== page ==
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China promises to free up metal reserves to overcome fears of price shortages


Industrial metals came to the fore after Chinese authorities promised to release government reserves to address concerns about shortages and high prices.

The National Food and Drug Administration (FDA) said in a statement on Wednesday that it would release batches of metals, including copper, aluminum and zinc, making them available to producers.

The move comes after the government became concerned about raising the price of goods, which prompted it. factory gate prices Their highest rate since the 2008 financial crisis threatened to squeeze industrial profits.

This marks the latest attempt by Chinese policymakers to lower commodity prices. Last month, China’s economic planning agency warned of “excessive speculation” and promised to address the spread of false information and backup.

According to local media on Wednesday, Beijing has ordered state-owned enterprises to limit their influence in foreign markets.

Metal prices initially fell on Tuesday following speculation that China may be preparing to cut reserves. Leading copper prices fell 0.2 percent to $ 9,550 a tonne on Wednesday, while aluminum fell 0.4 percent to $ 2,458 and zinc was down 1.75 percent to $ 2,978.

Metals led to a large-scale aggregate rise in commodity prices, which was initially fueled by the epidemic of China արագ rapid industrial recovery ացավ intensified after the recovery of other large economies. Copper, used in everything from electric vehicles to household wires, hit a record high of more than $ 10,500 a ton last month.

China has not officially disclosed its state reserves of industrial metals, which it holds as insurance against rising prices.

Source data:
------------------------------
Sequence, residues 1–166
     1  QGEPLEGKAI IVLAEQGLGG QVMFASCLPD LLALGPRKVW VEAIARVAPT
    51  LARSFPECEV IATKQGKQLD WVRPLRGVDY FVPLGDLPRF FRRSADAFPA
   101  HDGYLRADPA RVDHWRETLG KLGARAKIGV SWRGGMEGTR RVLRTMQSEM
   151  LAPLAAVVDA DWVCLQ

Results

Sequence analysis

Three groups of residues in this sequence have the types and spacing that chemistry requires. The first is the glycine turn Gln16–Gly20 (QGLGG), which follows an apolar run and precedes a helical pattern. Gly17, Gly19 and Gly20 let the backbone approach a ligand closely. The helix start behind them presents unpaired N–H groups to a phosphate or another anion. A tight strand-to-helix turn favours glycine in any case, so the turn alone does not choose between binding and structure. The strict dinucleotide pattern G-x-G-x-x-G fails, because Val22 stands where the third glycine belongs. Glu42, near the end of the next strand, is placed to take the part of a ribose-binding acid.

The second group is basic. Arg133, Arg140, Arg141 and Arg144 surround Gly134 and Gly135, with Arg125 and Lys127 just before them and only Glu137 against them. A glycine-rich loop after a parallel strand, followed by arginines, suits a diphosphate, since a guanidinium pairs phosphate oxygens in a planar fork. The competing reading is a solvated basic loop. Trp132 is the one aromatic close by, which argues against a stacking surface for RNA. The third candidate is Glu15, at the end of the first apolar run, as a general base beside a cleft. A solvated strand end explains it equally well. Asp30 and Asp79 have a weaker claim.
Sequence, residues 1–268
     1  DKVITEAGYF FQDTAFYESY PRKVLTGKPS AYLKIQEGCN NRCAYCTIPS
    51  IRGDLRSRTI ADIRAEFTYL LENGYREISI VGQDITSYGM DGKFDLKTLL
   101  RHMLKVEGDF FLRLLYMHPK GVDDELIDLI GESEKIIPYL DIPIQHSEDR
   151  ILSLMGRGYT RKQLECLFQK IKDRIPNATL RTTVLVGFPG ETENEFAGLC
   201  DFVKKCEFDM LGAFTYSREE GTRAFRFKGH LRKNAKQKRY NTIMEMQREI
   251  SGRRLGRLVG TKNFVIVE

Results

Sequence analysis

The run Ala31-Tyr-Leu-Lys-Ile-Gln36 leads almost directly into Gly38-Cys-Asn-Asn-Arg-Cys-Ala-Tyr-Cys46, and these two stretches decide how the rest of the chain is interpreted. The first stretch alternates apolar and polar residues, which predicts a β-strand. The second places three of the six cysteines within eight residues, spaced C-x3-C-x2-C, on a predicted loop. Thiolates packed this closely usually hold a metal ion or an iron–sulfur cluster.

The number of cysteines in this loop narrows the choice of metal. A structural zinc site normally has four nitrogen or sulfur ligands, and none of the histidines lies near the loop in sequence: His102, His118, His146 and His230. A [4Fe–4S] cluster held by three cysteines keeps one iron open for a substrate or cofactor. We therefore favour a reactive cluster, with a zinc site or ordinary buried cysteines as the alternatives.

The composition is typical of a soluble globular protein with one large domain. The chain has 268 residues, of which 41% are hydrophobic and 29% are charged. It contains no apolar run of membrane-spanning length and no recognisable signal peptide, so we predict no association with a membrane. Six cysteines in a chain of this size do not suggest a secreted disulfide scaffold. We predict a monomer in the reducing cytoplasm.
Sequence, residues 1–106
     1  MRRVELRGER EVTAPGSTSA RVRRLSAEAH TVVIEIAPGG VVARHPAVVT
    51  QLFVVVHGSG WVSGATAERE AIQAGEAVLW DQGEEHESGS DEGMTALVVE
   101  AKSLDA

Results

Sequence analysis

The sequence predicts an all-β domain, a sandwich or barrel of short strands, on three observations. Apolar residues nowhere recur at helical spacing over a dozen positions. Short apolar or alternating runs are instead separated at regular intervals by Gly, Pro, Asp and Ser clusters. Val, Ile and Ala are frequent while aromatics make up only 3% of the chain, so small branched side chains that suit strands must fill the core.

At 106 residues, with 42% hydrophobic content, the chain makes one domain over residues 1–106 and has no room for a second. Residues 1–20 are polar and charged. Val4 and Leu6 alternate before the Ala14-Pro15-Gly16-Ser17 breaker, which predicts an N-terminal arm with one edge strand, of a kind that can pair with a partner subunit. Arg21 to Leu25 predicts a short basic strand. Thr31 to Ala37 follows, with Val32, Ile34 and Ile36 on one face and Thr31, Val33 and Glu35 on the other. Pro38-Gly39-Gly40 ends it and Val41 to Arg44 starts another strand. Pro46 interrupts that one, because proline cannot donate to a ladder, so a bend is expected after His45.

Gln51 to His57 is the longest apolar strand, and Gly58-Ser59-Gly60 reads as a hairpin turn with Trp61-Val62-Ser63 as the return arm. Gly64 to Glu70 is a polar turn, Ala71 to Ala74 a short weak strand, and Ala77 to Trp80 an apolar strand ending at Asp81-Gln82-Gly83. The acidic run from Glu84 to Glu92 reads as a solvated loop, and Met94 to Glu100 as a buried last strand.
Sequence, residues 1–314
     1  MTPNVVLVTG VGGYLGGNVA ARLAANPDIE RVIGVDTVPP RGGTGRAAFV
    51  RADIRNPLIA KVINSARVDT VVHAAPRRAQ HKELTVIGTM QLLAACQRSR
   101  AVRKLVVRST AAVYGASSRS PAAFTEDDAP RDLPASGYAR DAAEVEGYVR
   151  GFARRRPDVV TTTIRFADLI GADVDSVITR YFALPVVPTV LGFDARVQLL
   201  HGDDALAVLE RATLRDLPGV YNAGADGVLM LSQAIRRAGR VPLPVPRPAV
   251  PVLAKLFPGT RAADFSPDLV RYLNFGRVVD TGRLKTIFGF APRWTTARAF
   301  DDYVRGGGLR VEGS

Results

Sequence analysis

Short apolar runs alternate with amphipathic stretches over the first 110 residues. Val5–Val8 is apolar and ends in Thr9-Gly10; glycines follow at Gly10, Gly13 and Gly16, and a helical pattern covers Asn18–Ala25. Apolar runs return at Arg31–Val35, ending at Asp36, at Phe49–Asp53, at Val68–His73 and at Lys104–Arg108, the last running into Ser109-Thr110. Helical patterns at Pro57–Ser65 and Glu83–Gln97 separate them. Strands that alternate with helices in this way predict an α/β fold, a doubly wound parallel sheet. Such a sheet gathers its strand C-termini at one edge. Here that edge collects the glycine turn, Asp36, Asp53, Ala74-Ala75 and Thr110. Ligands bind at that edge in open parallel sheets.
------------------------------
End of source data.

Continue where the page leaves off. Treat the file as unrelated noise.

Based on the difference between net supply and consumption, analysts say Beijing could store 500,000 tons of copper and 1.5 meters of aluminum up to 700,000 tons of zinc. However, they warned that these were only informed predictions. In order for these figures to be promising, China consumes about 15 million tons of copper a year.

Comin Hamilton, an analyst at BMO Capital Markets, says it is unlikely that China will bring a significant amount of metal to market.

“I think this is another rhetoric to tell the Chinese market that they think prices should be lower,” he said. “They hope the market will sort itself out.”

Last month, the government’s warning about commodity market speculation hit prices hard, with iron ore prices down 10 percent. In 2020, China produced record volumes of steel, and factories remain active despite the drive to limit production due to environmental concerns.

By 2060, China’s claim of zero emissions will require a reduction in metal production, raising concerns about a possible shortage and contributing to higher fuel prices. The country’s role as a major exporter of metals, as well as the world’s largest consumer and producer of goods, has added to these concerns.

Last month, the Chinese government released a draft regulation requiring energy-efficient projects to assess their carbon emissions.



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